Radical cleric Abu Qatada will find out on Monday if he will to be deported to Jordan to face trial.
Qatada is fighting extradition to the Middle East country, where he was convicted of terror charges in his absence in 1999.
Home Secretary Theresa May claims to have been given assurances by Jordan that no evidence gained through torture would be used against him. Despite this, Qatada's legal team claim he will not get a fair trial in Jordan.
The Special Immigration Appeals Commission (Siac), which will give its ruling at noon on Monday, heard evidence last month from Professor Beverley Milton-Edwards, who has studied Jordan's political situation for 25 years.
She said Qatada remained a "controversial" figure in Jordan and a fair trial was unlikely.
"In my view I don't believe there is any credible evidence that the state security court has engaged in a significant amount of reform to have any confidence of him having a fair trial," she said.
Tribunal judge Mr Justice Mitting asked Prof Milton-Edwards whether Jordan's memorandum of understanding with Britain to ensure that Qatada will receive a fair trial could be broken.
Prof Milton-Edwards said that, under the current political and judicial structure, it would be difficult to give "anybody" a fair trial despite international promises or widespread publicity of a case such as this one.
In October, a senior researcher at Human Rights Watch told the Huffington Post UK torture in Jordan is practised "with impunity" and there is no guarantee Abu Qatada will get a fair trial,
Christoph Wilcke said changes to the Jordanian constitution, which have made gathering evidence by torture illegal, are not being enforced.
He added Jordan "continues to have a torture problem," and described some of the brutal methods used to extract so-called confessions.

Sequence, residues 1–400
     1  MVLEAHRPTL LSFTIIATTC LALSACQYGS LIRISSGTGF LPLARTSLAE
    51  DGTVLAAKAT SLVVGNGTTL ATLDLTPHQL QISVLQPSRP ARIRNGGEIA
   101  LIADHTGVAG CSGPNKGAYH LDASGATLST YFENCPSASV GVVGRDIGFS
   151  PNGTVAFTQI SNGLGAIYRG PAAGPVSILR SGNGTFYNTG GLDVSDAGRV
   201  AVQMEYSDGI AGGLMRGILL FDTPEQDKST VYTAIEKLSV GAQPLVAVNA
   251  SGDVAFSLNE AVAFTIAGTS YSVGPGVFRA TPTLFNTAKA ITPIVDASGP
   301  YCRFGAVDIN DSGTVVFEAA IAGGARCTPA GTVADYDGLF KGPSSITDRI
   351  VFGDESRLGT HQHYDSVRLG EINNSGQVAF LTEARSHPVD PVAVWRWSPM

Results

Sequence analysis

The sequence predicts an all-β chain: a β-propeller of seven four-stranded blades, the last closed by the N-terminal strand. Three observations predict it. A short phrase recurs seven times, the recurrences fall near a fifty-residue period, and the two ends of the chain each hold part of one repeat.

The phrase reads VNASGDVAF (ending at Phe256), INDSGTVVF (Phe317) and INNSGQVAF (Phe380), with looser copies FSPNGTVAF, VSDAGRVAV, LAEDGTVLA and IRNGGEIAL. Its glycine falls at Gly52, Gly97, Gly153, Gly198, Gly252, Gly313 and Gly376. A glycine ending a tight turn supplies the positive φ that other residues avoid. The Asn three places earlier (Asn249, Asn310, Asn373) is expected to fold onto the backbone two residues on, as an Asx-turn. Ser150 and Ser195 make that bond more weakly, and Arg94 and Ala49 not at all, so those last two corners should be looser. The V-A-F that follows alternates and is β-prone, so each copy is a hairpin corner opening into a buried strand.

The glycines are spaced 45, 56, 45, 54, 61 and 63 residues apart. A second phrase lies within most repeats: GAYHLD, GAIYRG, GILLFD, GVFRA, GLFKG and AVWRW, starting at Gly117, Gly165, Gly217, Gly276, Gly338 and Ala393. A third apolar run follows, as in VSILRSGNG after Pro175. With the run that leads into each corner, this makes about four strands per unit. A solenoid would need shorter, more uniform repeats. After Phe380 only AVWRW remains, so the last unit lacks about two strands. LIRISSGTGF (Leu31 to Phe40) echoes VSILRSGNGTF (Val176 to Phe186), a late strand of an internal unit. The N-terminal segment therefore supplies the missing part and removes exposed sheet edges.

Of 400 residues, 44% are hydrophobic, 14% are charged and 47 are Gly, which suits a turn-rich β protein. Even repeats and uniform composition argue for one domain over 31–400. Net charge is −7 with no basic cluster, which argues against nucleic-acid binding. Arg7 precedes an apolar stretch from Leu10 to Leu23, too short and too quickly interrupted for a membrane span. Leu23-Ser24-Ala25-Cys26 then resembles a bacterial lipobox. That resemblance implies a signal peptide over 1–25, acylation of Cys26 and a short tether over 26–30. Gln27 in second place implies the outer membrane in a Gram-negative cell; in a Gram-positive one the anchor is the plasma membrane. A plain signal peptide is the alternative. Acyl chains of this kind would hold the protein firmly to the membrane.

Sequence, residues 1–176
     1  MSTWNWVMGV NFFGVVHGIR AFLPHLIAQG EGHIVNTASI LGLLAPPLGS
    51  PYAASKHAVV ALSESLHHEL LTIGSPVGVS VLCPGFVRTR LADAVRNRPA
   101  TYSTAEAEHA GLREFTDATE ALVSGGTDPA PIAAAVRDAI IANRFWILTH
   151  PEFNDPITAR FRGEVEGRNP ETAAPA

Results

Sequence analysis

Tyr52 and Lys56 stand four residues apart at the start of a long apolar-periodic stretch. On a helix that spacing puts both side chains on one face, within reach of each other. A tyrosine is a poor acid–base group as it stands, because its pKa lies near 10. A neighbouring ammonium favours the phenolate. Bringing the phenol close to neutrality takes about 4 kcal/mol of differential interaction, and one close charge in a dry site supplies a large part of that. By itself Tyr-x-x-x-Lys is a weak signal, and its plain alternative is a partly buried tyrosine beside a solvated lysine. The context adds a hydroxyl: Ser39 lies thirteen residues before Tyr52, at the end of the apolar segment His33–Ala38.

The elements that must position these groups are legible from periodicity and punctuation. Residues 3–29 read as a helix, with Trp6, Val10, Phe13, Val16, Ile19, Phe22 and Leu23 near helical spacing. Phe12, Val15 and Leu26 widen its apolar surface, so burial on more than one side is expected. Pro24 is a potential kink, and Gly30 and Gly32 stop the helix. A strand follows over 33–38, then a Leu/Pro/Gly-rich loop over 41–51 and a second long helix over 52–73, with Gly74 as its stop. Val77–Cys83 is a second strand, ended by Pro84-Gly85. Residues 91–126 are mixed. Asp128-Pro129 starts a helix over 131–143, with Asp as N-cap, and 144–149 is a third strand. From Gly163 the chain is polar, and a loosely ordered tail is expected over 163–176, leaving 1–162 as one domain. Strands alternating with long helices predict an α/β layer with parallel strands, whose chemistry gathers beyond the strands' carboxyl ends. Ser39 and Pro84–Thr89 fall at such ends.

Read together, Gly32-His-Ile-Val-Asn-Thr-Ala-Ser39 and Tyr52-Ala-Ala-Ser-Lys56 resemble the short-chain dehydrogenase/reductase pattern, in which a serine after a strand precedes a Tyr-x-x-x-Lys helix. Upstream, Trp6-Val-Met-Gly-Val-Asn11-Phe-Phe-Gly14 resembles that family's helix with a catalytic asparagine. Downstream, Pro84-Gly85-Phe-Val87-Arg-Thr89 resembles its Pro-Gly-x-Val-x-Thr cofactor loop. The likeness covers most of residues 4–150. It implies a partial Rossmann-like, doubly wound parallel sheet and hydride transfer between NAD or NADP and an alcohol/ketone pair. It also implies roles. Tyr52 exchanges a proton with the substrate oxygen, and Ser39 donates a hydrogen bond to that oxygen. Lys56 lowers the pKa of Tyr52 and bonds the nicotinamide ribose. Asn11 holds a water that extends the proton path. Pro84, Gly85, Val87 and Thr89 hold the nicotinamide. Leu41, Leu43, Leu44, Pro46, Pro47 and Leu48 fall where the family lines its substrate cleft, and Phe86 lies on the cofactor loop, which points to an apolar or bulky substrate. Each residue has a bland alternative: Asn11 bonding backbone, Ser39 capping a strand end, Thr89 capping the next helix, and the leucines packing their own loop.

"Most commonly prisoners are subjected to falaka or 'ghosting'" he said.
Falaka is so called after the wooden block used to a hold a prisoner's ankles in place, after which they are beaten on the soles of their feet with a bullwhip or a cane, often until they bleed. It's favoured as a method of extremely painful torture that leaves few marks.
Ghosting is also popular, where prisoners are suspended by the wrists from metal grates, sometimes with their feet barely touching the ground. Prisoners can then be flogged or just left in the crucifix-like position for hours at a time.
But lawyers for the government have told the hearing that Qatada is "scraping the barrel" in the appeal against his deportation.
Qatada, who is said to have wide and high-level support among extremists, featured in hate sermons found on videos in the flat of one of the September 11 bombers.
He has challenged and ultimately thwarted every attempt by the government over the last decade to put him on a plane.
In December 2001, Qatada became one of Britain's most wanted men after going on the run from his home in Acton, west London.
In October 2002, he was arrested by police in a council house in south London and detained in Belmarsh high-security jail.